As e-cigarettes become more popular, fewer people are taking up smoking traditional cigarettes. But can e-cigarettes, an electronic nicotine delivery system, help people quit smoking altogether? That was the focus of a recent study led by a Hollings Cancer Center researcher.
The study found that smokers who are willing to use e-cigarettes tend to smoke less and have increased quit attempts, said Matthew Carpenter, a tobacco control and addiction expert at the cancer center at the Medical University of South Carolina (MUSC).
"Combustible cigarettes are the most harmful form of nicotine delivery. Alternative delivery of nicotine, through e-cigarettes, could significantly reduce harm and the risks of cancer and other diseases to smokers," he said.
In the pilot study, Carpenter evaluated e-cigarettes in terms of usage, product preference, changes in smoking behaviors and nicotine exposure. Sixty-eight smokers were evaluated: 46 were randomized to use e-cigarettes however they wished, and 22 were randomized to a control group.
Those in the e-cigarette group were given a device with either high or low doses of nicotine. Everyone was followed over a period of four months. The study was published in Cancer Epidemiology, Biomarkers & Prevention. It is one of the few randomized studies in the U.S. to examine the effects of e-cigarettes and quit attempts.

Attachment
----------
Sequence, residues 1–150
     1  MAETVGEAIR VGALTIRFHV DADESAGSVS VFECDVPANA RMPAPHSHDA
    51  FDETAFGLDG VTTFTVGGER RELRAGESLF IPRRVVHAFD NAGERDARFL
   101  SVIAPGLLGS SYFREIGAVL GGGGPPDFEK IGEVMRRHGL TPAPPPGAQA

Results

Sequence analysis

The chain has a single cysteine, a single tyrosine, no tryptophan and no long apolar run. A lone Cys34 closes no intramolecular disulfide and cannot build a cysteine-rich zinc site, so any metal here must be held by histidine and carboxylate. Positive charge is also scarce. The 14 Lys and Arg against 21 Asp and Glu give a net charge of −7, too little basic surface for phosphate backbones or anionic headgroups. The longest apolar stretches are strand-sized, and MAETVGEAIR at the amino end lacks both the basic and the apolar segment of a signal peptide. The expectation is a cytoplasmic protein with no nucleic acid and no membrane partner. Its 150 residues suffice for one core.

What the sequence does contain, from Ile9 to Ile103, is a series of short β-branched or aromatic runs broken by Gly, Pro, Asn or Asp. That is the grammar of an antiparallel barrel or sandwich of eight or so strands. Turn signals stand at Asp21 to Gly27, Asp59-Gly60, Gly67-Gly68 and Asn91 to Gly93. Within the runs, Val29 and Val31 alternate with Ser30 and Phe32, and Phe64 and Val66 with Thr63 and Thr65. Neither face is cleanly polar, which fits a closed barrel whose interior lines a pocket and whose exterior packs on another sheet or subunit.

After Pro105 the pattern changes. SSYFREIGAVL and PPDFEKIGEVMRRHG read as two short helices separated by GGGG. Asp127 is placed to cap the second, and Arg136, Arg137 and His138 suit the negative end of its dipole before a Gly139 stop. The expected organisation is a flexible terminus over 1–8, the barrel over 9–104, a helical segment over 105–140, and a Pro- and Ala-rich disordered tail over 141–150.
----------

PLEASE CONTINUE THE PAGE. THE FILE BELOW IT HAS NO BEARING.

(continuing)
Results showed that when smokers were given e-cigarettes without any accompanying instructions or requirements for use, uptake was strong, and many participants went on to purchase their own e-cigarettes. Those who used e-cigarettes smoked less and were more likely to quit smoking, as compared to those in the control group.
"The results are consistent with trials done outside the U.S.," Carpenter said. "Many people rated the e-cigarettes similar to their usual product, which further suggests that these products might promote switching. Anything that gets smokers off combustible cigarettes is a good thing."
Of the two e-cigarette models used in the study, the more powerful device, with a higher dose of nicotine, showed stronger outcomes. People using e-cigarettes throughout the study smoked an average of 37% fewer cigarettes, showing a positive effect when making the switch and potentially serving as a tool to help smokers quit.
E-cigarettes are sometimes seen as a gateway to conventional cigarettes, the most harmful form of nicotine delivery. Studies have shown that e-cigarettes offer significantly less exposure to harmful toxicants, as compared to traditional cigarettes.
Over 1,500 varieties of e-cigarettes are now available, including different looks, high-tech power settings and many flavors, which can make them more appealing to kids. Newer devices can be customized in many ways that will draw in more smokers, but that means they also can entice kids.
E-cigarettes were only recently regulated by the Food and Drug Administration. Largely manufactured overseas, the quality control process varies. Without enough information to answer the long-term public health issues of e-cigarettes, researchers like Carpenter are aware of the importance of further studies on the latest tobacco trends.